In 1970, fifty years ago, the first Earth Day was observed. Earth Day represents the best of what people can do to understand, appreciate, and act for our whole planet. This year finds us in a very unusual situation, but it's still a good time to think about and observe Earth Day. With so many of our routines disrupted, we have a chance to reflect on what we miss as a society, as families, and as individuals. As we gradually rebuild from this unanticipated moment, we have a chance to consider anew what we want and what we need.
Below are a variety of books on the environment that are available digitally. Clicking on an image takes you to that book's digital catalog record at the County of Los Angeles public library, from which you can check out that ebook instantly (unless it's already checked out, in which case you can place a hold on the item). If you don't have a library card, you can get a digital library card instantly and start checking out ebooks as well as audiobooks right away.
This week's readaloud is 16 Words: William Carlos Williams and "The Red Wheelbarrow," written by Lisa Rogers and illustrated by Chuck Groenink. I chose it in honor of April being National Poetry Month.
I love poetry, as the students know, and I gave a lot of thought to this week's selection. I considered some of my favorites that I have read aloud at school many times: Once I Ate a Pie, by Patricia MacLachlan and Emily MacLachlan Charest; Guess Again! by Mac Barnett; One Leaf Rides the Wind, by Celeste Mannis; Hotel Deep, by Kurt Cyrus; Song of the Water Boatman, by Joyce Sidman; or Casey Back at Bat, by Dan Gutman. Unfortunately none of these is in the County of LA public library's digital collection. (I love our public library, but it feels like someone over there thinks young people don't like poetry, which I have not found to be true!) You can look for them in the Pennekamp library collection when we go back to school.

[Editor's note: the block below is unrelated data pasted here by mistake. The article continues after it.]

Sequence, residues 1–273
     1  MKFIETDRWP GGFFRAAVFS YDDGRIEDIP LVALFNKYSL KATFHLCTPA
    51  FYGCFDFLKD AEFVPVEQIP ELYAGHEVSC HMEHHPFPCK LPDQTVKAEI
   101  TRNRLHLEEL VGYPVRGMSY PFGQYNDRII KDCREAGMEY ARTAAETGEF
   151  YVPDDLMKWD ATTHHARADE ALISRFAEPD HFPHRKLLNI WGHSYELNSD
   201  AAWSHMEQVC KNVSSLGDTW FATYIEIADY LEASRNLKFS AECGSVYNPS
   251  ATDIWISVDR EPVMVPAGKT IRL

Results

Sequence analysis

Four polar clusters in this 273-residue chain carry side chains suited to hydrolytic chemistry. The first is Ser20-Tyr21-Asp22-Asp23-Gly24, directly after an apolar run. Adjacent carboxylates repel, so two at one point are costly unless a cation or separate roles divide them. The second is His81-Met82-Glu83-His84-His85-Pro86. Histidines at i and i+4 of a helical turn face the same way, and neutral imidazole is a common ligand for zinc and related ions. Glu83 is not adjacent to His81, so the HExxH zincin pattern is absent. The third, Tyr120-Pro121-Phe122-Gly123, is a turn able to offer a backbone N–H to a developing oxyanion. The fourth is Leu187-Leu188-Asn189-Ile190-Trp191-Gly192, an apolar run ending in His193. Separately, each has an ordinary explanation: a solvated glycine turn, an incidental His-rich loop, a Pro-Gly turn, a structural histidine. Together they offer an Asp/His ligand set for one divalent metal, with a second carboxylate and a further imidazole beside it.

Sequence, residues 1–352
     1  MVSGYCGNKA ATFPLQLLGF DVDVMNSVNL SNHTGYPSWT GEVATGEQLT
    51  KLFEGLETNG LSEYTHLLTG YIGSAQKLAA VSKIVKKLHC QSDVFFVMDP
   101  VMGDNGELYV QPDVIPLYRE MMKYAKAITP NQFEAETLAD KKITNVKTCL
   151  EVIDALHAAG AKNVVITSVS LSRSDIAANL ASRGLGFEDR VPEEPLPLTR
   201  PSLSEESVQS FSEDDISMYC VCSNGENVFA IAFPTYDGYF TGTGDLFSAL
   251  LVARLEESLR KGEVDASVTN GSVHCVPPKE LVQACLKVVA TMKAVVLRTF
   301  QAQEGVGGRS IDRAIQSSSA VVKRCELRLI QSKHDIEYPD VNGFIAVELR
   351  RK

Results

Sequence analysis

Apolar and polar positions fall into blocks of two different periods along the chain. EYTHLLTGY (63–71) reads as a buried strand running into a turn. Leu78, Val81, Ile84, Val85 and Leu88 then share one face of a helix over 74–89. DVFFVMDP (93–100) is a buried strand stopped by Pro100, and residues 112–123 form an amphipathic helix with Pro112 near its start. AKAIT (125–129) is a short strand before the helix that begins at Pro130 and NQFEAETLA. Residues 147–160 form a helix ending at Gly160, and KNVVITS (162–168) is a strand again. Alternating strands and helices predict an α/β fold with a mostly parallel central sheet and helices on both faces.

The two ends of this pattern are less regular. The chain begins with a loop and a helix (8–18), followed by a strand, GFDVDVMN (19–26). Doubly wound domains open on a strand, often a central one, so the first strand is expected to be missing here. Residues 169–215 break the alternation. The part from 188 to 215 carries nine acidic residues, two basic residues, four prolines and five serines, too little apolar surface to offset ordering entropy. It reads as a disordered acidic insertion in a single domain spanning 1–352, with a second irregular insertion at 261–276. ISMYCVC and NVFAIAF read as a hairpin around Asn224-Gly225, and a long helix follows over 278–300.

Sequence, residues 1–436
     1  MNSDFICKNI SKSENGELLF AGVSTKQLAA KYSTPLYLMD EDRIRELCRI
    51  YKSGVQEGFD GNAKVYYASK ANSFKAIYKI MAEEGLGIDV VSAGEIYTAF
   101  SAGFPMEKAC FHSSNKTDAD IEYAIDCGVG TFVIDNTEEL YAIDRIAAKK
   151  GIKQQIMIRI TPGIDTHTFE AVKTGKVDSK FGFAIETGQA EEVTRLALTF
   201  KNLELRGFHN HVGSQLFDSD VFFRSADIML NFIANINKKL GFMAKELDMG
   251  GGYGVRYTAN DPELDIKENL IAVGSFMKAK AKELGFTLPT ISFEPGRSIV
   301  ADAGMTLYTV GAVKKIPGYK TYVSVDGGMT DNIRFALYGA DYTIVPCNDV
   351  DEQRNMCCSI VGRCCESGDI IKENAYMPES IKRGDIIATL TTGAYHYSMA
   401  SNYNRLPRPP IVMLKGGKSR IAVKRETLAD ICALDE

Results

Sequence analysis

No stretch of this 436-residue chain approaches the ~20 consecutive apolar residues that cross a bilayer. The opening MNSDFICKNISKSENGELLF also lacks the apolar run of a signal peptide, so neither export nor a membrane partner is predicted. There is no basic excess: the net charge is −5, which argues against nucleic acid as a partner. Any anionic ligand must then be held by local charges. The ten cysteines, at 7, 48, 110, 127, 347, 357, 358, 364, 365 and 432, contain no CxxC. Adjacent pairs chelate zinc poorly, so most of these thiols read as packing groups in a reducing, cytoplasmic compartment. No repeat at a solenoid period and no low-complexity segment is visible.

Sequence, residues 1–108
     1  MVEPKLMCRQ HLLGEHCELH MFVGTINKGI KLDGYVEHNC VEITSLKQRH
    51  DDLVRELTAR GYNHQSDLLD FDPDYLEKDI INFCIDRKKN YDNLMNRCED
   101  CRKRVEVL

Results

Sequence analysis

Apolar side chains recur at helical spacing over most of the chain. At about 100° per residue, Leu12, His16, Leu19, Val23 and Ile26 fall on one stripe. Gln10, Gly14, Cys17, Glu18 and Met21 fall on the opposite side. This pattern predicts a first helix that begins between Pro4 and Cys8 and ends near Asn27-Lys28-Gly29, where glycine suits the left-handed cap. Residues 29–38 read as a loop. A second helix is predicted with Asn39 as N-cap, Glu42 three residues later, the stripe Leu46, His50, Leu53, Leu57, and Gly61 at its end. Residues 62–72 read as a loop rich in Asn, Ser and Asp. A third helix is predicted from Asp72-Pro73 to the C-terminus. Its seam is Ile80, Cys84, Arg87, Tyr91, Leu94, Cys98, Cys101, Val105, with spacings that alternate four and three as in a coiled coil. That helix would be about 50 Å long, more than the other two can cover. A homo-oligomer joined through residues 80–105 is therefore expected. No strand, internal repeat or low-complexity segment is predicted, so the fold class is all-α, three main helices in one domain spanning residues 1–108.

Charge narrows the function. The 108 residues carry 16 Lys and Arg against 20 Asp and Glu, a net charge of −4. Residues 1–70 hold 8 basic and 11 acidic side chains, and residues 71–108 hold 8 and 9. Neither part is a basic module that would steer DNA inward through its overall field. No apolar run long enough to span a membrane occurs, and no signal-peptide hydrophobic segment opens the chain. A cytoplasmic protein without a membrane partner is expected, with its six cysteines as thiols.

I decided on 16 Words. It is a new (2019) book--I have not previously read it aloud--and I like it a lot. "The Red Wheelbarrow" is a well-known poem that is often read by young people, and according to the author's note of 16 Words, it was William Carlos Williams's favorite of his poems. The University of Pennsylvania has made available for educational use five different recordings of Williams reading "The Red Wheelbarrow."
An interesting fact about Williams is that he was a medical doctor as well as a poet, and 16 Words shows his work as a doctor and his work as a poet existing side by side, not in opposition. Many of us are trying to perform different types of important work simultaneously right now; I like how different aspects of Williams's life supported rather than precluded each other. Williams's inspiration for the poem is believed to have been what he saw out his window in the yard of his friend and neighbor, Thaddeus Marshall. So while many of our diversions and destinations are not available, "The Red Wheelbarrow" takes its inspiration from what is at hand. It reminds me to look carefully and thoughtfully at my surroundings.
Included beneath the readaloud is an animation of the poem, which circles around the words and images without insisting on a particular interpretation. (As always, supervise young people on YouTube as comments and related content often include words and images that are not suitable for children.)
What does "The Red Wheelbarrow" say to you?